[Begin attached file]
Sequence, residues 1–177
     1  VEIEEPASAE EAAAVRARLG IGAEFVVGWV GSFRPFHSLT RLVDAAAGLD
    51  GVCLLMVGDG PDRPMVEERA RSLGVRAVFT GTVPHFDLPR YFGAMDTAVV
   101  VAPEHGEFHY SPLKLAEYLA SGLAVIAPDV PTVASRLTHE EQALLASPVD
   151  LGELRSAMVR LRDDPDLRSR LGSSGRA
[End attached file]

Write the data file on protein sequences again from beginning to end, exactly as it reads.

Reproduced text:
Sequence, residues 1–177
     1  VEIEEPASAE EAAAVRARLG IGAEFVVGWV GSFRPFHSLT RLVDAAAGLD
    51  GVCLLMVGDG PDRPMVEERA RSLGVRAVFT GTVPHFDLPR YFGAMDTAVV
   101  VAPEHGEFHY SPLKLAEYLA SGLAVIAPDV PTVASRLTHE EQALLASPVD
   151  LGELRSAMVR LRDDPDLRSR LGSSGRA